4/16/21 - Parole Eligibility Bill Waits | Initiative 65 Hearing: Underlying Factors | Poetry Out Loud 2021
Community leaders urge Governor Reeves to sign a parole eligibility bill that’s been sitting on his desk since the end of the legislative session.
Then, while the arguments in the case against Initiative 65 focus on process, under the surface the subject of the matter - medical marijuana - is playing a significant role.
Plus, this year’s Poetry Out Loud competition might look different, but the result is familiar.
A bill to expand parole eligibility in Mississippi is waiting to be signed into law by the Governor. It's a measure advocates say could reduce prison overcrowding, reduce corrections spending, and help reconnect families. Yet, since being passed with bi-partisan in the legislature weeks ago, the bill has remained in limbo awaiting a signature. Pastor C. J. Rhodes of Mount Helm Baptist Church in Jackson advocates for prison reform in Mississippi. He tells our Kobee Vance the bill provides the opportunity to restore families. Russ Latino, President of Empower Mississippi, says the bill would ease overcrowding, and free up needed resources to focus on those who actually pose a danger to communities.
Initiative 65 - the constitutional amendment ballot referendum establishing a medical marijuana program in Mississippi - hangs in the balance following a Supreme Court hearing this month. It is one of many ballot referendums - some successful, some not - that have gone through the same process outlined by the Mississippi Constitution. Mississippi's Voter ID law passed the same way. Others - like the personhood amendment or Initiative 42 to fully fund the MAEP - failed but made it to the ballot in similar fashion. But 65 - with the controversial subject of medical marijuana lying under the surface - drawing the eye of scrutiny over the initiative process.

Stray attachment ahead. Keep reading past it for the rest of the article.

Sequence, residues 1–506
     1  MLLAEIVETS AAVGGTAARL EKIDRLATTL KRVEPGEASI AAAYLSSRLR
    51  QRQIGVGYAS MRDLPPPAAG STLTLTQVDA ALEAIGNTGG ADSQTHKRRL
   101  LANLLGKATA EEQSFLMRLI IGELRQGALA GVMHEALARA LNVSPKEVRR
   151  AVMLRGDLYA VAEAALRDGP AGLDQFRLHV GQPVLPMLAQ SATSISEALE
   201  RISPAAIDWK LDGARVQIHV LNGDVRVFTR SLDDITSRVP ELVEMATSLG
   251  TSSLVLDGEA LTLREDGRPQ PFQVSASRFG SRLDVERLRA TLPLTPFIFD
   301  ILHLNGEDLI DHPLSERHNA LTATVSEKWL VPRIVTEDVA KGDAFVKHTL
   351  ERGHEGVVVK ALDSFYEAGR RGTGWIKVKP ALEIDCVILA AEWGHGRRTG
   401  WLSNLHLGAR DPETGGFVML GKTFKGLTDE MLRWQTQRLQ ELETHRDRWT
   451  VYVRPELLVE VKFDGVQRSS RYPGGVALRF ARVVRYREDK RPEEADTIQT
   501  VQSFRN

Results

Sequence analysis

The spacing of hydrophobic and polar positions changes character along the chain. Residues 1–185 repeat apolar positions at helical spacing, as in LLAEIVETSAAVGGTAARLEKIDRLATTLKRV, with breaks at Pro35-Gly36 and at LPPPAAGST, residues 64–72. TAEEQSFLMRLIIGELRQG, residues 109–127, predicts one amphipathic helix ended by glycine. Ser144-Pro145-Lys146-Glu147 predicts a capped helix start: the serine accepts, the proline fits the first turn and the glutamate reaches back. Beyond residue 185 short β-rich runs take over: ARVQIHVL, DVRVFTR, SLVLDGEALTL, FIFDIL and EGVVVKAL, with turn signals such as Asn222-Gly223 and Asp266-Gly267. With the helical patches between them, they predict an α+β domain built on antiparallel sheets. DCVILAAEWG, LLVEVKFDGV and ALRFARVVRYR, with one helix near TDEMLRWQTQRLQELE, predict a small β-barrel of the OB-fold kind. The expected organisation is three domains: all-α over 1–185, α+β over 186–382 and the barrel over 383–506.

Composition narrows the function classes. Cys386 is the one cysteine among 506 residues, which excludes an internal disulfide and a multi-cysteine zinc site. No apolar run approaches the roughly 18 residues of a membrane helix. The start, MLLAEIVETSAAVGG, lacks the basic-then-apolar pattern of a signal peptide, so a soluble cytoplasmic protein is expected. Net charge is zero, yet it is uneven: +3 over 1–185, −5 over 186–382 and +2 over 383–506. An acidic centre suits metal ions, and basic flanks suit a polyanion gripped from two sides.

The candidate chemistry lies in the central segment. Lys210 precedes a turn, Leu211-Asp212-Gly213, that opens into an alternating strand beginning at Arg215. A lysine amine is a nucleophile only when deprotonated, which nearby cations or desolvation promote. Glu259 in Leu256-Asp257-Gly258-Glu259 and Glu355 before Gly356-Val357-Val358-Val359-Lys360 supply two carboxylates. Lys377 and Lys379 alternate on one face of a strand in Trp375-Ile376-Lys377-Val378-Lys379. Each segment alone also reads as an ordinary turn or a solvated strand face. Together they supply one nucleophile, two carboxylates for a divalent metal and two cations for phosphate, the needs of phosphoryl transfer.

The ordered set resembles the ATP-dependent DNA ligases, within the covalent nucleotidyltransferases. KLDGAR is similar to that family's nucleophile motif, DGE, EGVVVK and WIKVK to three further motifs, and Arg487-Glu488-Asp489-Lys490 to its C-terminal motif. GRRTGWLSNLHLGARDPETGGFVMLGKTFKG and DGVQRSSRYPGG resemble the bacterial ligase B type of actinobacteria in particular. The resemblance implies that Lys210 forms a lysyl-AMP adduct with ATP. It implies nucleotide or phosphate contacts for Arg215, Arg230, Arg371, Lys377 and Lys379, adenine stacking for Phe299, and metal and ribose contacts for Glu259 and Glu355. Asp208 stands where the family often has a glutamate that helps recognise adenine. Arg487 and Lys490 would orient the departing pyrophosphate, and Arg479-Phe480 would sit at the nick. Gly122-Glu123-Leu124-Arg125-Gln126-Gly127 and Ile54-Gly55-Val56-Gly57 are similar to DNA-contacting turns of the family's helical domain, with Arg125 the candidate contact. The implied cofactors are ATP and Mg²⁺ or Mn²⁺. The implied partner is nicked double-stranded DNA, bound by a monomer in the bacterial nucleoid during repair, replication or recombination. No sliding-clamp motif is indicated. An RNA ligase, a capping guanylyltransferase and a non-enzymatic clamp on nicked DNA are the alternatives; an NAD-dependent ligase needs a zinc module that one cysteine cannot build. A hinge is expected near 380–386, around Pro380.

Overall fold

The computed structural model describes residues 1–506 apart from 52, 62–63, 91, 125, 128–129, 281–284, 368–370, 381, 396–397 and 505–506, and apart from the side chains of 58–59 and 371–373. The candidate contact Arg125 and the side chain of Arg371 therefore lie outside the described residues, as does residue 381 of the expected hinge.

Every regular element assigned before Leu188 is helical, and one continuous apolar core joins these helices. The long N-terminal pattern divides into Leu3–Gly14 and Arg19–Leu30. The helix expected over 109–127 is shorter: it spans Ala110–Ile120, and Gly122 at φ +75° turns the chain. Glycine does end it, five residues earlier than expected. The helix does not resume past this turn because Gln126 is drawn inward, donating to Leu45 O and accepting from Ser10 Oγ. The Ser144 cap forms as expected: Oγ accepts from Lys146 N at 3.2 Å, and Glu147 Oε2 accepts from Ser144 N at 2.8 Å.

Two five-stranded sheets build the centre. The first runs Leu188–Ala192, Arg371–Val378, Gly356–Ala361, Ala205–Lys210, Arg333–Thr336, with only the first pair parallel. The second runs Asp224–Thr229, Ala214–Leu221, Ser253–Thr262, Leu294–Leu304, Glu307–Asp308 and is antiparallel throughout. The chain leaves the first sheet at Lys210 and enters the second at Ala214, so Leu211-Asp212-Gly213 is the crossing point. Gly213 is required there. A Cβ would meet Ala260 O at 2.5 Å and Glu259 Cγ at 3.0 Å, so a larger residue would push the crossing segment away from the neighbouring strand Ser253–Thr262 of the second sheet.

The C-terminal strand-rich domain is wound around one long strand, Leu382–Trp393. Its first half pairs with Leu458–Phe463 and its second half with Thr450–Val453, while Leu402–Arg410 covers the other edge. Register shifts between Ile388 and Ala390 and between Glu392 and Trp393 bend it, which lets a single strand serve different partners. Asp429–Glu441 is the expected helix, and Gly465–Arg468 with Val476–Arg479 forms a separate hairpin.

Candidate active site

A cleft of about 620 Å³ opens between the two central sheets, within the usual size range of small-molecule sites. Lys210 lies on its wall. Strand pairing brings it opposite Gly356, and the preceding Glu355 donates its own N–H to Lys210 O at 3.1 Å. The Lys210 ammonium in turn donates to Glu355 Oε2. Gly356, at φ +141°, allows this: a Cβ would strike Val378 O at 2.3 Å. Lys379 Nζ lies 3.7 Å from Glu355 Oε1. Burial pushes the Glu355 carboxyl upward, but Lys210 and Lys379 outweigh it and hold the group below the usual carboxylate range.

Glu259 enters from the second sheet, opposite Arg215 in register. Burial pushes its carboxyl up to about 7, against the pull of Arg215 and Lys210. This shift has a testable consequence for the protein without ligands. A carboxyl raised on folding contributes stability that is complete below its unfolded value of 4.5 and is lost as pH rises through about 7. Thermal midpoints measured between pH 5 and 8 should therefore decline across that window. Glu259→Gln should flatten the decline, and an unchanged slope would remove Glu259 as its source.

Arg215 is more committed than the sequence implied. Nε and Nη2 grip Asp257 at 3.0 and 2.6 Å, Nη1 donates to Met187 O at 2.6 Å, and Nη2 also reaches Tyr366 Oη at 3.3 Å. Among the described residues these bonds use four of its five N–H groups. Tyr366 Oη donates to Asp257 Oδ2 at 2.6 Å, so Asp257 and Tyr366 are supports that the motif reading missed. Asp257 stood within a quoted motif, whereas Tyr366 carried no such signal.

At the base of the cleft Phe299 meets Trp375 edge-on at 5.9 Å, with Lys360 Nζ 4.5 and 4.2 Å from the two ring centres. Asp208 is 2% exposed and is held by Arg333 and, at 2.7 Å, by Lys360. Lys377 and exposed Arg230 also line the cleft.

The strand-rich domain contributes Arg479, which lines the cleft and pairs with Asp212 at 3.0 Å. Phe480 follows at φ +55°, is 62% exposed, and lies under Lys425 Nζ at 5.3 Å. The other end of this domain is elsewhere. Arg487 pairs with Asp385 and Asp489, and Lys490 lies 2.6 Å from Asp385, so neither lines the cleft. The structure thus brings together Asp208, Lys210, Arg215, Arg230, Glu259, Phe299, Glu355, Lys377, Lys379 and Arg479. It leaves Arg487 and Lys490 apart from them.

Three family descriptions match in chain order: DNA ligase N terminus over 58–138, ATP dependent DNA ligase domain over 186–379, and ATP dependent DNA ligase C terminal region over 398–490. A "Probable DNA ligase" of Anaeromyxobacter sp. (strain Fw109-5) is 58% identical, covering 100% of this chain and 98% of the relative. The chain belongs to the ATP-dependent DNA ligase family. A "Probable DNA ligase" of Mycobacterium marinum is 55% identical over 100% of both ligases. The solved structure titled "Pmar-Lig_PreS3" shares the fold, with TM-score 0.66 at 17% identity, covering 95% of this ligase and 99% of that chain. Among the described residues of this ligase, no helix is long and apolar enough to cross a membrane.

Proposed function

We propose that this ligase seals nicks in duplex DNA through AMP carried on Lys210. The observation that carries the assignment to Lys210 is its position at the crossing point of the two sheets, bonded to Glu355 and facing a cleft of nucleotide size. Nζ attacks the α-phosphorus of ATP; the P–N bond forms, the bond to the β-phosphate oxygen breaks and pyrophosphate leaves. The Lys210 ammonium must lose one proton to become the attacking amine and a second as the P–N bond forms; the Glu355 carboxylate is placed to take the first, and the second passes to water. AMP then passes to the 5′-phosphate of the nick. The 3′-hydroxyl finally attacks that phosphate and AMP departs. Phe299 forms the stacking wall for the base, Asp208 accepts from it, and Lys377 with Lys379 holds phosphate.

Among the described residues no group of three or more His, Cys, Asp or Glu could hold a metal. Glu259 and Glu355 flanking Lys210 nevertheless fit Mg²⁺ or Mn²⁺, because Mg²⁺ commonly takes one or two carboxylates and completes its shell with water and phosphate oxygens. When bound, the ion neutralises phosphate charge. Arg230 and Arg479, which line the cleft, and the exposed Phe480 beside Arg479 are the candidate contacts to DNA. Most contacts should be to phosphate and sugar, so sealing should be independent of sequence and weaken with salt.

Matt Steffey is a professor of Constitutional Law at the Mississippi College School of Law. In part two of his conversation with our Michael Guidry, Steffey argues once you look past the narrow argument of constructionist interpretation, the underlying factors behind the case rise to the surface.
This year's Poetry Out Loud competition had a different feel to it due to the coronavirus pandemic. Contestants, who usually compete together in regional and state finals, presented their recitations alone - in front of cameras. But, rising to the top of a crowded field of 947 students was a familiar name and voice to the Mississippi Poetry Out Loud community - Morgan Love, who you just heard. The senior from the Mississippi School for the Arts followed her 2020 win by capturing this year's title. She shares more on her experience and what lies ahead with our Michael Guidry.